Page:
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The new owner of Nokia is clearly still working out its strategy as it launches a new phone for emerging markets weeks after saying it would no longer focus on the low end.

Microsoft Does About-Face, Debuts $25 Phone

Sarah Reedy
8/11/2014
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Microsoft is doing away with Nokia's low-end feature phones, but it still sees life left in the ultra low end, as evidenced by its new product launch Monday.

The software-giant-turned-phone-maker introduced the Nokia 130, a €19 ($25 US) phone aimed at first-time phone buyers in emerging markets. The device lacks an Internet connection and will run Nokia's own operating system, not the Asha OS that Microsoft Corp. (Nasdaq: MSFT) said it was scrapping in favor of the Android variant Nokia X. (See Microsoft to Axe 12,500 Ex-Nokia Employees.)

The device also includes a video and music player and, impressively, battery life of up to 36 days standby for the single SIM version, or 26 days for the dual-SIM version. See the video below for a quick look at the device in its red, black and white glory.

The Nokia 130 will begin shipping in the third quarter in China, Egypt, India, Indonesia, Kenya, Nigeria, Pakistan, the Philippines and Vietnam.

Unlike Nokia, which focused on hardware sales, Microsoft is all about selling its services. With these low-end devices, it's hoping to bring on board first-time device users and eventually get them using Microsoft services such as Bing and OneDrive. The strategy makes some sense, although it is a bit hard to follow, given that the 130 is very much a Nokia-branded device and (in this version, at least) doesn't even connect to the Internet.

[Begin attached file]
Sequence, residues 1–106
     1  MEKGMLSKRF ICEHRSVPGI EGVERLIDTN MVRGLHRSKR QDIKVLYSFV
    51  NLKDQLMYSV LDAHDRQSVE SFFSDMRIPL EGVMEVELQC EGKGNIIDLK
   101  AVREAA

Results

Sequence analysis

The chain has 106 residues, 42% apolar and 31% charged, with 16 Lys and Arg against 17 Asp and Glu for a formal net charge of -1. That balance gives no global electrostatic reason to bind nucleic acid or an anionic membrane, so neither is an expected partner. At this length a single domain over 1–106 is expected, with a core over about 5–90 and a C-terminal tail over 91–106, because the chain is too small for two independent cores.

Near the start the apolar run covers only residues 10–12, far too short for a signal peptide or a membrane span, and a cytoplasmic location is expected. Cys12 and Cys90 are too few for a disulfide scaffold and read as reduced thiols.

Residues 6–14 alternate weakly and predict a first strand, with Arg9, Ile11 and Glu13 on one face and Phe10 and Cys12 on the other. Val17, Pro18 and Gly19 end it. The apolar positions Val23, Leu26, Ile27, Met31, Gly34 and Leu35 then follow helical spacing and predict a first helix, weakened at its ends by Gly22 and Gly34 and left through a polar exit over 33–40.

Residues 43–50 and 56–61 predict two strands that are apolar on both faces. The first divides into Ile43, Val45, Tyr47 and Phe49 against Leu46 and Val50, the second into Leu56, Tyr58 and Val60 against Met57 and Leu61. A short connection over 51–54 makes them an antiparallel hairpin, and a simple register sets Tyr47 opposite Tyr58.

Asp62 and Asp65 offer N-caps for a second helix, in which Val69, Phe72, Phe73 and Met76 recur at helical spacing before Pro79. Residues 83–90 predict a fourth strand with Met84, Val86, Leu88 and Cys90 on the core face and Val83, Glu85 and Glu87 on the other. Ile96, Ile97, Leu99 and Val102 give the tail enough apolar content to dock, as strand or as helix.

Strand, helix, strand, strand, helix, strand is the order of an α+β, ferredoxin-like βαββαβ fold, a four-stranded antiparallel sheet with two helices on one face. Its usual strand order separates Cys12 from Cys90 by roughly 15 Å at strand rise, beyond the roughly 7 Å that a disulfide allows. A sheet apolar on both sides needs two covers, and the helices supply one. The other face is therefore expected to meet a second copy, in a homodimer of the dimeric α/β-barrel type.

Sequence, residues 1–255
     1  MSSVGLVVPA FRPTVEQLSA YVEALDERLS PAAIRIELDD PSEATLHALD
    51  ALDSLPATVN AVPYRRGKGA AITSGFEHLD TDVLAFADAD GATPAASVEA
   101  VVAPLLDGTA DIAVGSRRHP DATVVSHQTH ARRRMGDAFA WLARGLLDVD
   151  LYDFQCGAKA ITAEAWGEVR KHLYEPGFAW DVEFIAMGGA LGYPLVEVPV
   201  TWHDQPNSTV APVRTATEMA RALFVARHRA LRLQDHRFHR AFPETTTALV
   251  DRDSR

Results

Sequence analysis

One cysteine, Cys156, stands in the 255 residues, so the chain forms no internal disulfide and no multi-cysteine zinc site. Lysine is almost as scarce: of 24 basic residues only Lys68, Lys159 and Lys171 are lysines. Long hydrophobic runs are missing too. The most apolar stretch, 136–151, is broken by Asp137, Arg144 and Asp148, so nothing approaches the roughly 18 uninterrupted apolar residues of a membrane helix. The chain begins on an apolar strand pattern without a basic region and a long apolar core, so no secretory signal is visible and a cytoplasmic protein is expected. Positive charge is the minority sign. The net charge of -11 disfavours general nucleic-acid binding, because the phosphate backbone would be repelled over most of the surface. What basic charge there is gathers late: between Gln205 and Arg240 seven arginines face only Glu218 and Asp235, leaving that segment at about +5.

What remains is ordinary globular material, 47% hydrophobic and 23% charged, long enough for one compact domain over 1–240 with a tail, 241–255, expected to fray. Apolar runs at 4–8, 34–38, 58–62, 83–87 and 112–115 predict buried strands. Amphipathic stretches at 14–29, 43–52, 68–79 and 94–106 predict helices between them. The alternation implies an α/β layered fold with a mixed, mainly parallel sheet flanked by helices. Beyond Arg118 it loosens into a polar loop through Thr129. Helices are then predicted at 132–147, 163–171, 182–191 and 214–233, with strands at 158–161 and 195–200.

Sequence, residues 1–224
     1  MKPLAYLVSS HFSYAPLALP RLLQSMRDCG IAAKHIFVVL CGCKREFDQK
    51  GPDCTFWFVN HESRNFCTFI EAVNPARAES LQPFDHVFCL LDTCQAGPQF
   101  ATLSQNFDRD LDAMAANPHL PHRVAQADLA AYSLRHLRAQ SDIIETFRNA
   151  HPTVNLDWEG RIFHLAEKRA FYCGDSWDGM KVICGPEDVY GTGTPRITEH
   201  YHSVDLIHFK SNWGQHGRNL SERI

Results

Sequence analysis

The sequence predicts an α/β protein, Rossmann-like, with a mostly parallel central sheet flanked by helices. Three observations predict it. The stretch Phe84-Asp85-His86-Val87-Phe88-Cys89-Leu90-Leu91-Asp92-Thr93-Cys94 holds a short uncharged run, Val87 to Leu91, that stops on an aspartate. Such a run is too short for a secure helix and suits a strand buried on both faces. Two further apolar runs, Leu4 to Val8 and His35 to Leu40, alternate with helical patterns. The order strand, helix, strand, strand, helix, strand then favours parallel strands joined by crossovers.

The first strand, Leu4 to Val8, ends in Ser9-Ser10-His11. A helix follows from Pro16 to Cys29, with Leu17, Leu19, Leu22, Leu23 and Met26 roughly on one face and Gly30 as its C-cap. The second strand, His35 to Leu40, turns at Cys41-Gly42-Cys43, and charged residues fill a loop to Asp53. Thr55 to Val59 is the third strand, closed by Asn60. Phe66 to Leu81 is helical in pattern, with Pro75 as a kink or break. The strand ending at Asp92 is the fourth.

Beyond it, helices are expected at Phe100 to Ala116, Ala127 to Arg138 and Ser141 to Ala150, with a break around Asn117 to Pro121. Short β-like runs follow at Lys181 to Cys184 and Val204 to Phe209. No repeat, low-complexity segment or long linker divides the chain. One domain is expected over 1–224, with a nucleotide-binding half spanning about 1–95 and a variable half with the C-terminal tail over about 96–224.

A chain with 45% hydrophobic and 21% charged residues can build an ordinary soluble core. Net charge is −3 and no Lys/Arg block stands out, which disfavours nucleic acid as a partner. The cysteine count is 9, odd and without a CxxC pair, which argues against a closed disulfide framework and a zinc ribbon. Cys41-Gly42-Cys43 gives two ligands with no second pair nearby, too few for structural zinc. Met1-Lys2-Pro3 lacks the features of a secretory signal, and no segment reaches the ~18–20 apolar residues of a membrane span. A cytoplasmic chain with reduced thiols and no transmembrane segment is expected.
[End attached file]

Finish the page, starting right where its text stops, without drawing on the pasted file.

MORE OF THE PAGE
Want to know more about the mobile device market? Check out our dedicated smartphone content channel here on Light Reading.


The move also represents an about-face for the company, as it recently told employees (those it didn't axe) that it would focus entirely on Windows Phone and stop updating its basic feature phones. The newly married Microsoft-Nokia is still clearly working out what its focus will be and just how low it will go. (See Microsoft Poaches Top Qualcomm Exec.)

— Sarah Reedy, Senior Editor, Light Reading

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MikeP688
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MikeP688,
User Rank: Light Sabre
8/17/2014 | 11:53:52 PM
Re: branding
Actually it is a reasonably smart move considering what Mozilla is trying to do and what other players especially in India are trying to do because of how saturated the US Market is :-)
nasimson
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nasimson,
User Rank: Light Sabre
8/13/2014 | 11:40:45 PM
Re: Branding
In two words, this is: acquisition blues. Can't believe it's Microsoft doing this. Having a good experience of these countries in developing world, I have one prediction: Failure.
SachinEE
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SachinEE,
User Rank: Light Sabre
8/13/2014 | 8:14:35 AM
Disposal of low end feature phones
The fact that Microsoft is doing away with some of Nokia's low end feature phones is quite encouraging. I agree with the fact that the white space broad band initiatives aims at targeting the low income developing areas. I also agree with the fact that it is not really a bad strategy to target some of the first time phone buyers in the upcoming markets. The only strange fact is that the newly developed services focused phone comes without an internet connection.